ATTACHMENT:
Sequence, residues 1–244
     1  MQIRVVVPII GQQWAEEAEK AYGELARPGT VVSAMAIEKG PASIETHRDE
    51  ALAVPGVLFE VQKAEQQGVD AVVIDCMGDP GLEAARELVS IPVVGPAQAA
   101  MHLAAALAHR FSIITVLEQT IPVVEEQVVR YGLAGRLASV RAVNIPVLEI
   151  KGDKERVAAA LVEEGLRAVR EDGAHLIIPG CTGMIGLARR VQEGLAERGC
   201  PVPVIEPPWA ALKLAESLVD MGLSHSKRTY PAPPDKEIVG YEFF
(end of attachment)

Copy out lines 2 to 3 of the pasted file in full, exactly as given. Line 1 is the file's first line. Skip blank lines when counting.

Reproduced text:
     1  MQIRVVVPII GQQWAEEAEK AYGELARPGT VVSAMAIEKG PASIETHRDE
    51  ALAVPGVLFE VQKAEQQGVD AVVIDCMGDP GLEAARELVS IPVVGPAQAA